Fair use, one of the statutorily permitted uses of copyrighted works, was intended to allow limited, non-commercial use of copyrighted works and to strike a balance between benefiting the public and allowing authors to exploit their creations. However, legislative intention does not always result in clear rules for the conduct of business or science. To quote from the excellent material in the University of Texas System's Copyright Crash Course (used by permission of UT),
We would all appreciate a clear, crisp answer . . . , but far from clear and crisp, fair use is better described as a shadowy territory whose boundaries are disputed, more so now that it includes cyberspace than ever before. In a way, it's like a no-man's land. Enter at your own risk.
Usage that could interfere with the copyright holder's right to benefit commercially from the work will tip the balance against claiming the fair use defense, whereas a controlled not for profit use of a small amount of the copyrighted work will be more likely to fall under fair use. However, even though Caltech is a not-for-profit educational institute, one cannot assume that use of a copyrighted work at Caltech constitutes fair use of that work. The statutory basis for fair use is 17 U.S.C. 107, which states in part:
[T]he fair use of a copyrighted work, including such use by reproduction in copies or phonorecords or by any other means specified by that section, for purposes such as criticism, comment, news reporting, teaching (including multiple copies for classroom use), scholarship, or research, is not an infringement of copyright. In determining whether the use made of a work in any particular case is a fair use the factors to be considered shall include -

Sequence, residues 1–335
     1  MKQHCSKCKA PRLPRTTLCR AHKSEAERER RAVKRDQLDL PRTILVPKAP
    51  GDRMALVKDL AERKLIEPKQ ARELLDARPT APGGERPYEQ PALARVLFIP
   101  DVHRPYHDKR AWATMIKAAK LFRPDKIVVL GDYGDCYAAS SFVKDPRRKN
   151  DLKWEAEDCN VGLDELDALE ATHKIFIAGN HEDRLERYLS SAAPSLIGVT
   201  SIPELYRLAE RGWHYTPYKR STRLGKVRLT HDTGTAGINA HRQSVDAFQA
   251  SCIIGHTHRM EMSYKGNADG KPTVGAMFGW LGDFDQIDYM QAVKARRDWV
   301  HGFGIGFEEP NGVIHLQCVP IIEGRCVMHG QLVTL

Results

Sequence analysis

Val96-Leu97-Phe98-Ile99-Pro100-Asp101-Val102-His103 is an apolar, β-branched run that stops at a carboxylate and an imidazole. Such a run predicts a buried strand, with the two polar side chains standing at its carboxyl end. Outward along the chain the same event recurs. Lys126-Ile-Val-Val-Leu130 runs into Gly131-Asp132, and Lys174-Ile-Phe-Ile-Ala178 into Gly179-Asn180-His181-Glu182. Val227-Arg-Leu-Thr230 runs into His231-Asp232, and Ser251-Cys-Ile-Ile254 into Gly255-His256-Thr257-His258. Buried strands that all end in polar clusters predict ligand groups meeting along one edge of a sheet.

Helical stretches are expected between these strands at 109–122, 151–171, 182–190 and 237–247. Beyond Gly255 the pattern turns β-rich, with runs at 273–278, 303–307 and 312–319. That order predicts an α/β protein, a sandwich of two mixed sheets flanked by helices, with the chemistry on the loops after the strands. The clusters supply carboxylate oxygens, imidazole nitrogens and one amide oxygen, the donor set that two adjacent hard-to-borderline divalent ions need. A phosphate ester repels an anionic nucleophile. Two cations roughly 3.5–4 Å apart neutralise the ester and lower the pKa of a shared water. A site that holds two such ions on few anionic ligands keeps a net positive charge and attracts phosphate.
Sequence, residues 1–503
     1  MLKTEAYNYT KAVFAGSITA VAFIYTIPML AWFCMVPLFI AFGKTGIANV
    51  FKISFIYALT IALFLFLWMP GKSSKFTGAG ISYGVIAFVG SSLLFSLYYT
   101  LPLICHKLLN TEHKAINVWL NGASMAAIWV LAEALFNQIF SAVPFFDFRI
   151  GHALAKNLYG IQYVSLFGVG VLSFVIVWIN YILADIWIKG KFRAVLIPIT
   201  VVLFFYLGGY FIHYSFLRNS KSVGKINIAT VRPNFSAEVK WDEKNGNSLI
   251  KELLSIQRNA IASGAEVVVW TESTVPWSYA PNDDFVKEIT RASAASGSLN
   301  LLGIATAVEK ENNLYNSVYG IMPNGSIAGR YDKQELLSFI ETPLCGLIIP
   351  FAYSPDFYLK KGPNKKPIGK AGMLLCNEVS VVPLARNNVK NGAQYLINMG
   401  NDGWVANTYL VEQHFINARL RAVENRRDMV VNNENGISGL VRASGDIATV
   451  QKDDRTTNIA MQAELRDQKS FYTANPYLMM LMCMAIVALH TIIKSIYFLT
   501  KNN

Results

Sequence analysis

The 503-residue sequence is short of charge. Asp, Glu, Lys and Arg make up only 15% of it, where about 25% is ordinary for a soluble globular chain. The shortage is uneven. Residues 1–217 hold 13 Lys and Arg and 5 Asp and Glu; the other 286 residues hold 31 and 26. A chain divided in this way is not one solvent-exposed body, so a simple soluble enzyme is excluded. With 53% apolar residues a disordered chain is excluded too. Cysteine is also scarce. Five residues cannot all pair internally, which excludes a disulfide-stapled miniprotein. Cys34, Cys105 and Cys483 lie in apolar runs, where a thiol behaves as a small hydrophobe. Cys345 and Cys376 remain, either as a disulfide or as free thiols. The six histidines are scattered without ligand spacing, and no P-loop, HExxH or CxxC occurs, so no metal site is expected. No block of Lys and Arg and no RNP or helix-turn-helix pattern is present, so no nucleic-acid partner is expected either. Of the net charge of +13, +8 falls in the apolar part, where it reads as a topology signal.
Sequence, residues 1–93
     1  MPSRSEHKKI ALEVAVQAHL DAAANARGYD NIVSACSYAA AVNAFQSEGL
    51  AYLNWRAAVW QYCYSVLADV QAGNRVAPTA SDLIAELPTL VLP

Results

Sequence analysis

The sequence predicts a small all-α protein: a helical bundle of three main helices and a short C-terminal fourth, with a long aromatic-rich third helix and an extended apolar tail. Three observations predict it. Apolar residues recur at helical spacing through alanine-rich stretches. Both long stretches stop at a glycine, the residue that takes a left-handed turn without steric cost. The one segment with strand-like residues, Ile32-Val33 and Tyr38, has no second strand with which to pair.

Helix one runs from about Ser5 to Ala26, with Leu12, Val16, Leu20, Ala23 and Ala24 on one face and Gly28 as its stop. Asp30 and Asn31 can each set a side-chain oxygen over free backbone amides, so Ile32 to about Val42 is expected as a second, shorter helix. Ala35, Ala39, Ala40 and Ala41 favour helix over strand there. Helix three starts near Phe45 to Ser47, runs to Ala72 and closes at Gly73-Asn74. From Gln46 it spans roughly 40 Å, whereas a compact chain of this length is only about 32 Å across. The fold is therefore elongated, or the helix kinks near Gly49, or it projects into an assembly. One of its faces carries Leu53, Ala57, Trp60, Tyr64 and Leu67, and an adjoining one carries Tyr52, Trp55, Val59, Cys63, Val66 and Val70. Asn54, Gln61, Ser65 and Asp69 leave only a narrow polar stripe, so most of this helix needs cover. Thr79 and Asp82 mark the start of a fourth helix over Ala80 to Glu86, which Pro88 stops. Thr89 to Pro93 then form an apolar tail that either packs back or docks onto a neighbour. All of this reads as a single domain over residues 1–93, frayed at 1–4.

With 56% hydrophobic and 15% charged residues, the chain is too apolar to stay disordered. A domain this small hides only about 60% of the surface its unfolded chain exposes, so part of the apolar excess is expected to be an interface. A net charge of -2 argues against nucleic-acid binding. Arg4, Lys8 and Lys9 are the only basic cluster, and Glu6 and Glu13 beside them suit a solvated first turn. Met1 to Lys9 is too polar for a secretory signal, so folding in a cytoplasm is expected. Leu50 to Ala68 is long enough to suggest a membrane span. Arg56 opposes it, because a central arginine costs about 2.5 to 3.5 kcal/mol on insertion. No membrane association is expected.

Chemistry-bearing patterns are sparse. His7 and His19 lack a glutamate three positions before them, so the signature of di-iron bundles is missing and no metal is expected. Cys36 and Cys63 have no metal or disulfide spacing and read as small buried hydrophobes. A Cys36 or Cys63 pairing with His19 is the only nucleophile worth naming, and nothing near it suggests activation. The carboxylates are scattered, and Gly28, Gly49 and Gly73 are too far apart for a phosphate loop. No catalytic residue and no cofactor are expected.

(1) the purpose and character of the use, including whether such use is of a commercial nature or is for nonprofit educational purposes;
(2) the nature of the copyrighted work;
(3) the amount and substantiality of the portion used in relation to the copyrighted work as a whole; and
(4) the effect of the use upon the potential market for or value of the copyrighted work.
The fact that a work is unpublished shall not itself bar a finding of fair use if such finding is made upon consideration of all the above factors. [Italics added]
Analysis of fair use is highly fact dependent and no one factor is more important than another. In addition, the factors are inter-related. For example, if the copyright work is sold in the educational market, the claim of fair use for educational purposes may not be persuasive because of the effect of the use on the potential market. Except in the most obvious cases, reasonable minds can disagree on the outcome of a fair use analysis. Because of the absence of strict guidelines, results are difficult to predict. Recent litigation over coursepacks on university campuses provides different modes of analysis using the 4 fair use factors.
For additional information on fair use, see the Stanford Universities Library Copyright & Fair Use site. A checklist developed by Indiana/Purdue University-Indianapolis is also available to help determine whether the intended use of copyrighted material could constitute fair use of the work. The University of Texas also has a step-by-step approach to the inquiry.
If you have specifics questions about the applicability of fair use to the use of a copyrighted work at Caltech, please contact us at the Office of The Intellectual Property Counsel (x4567).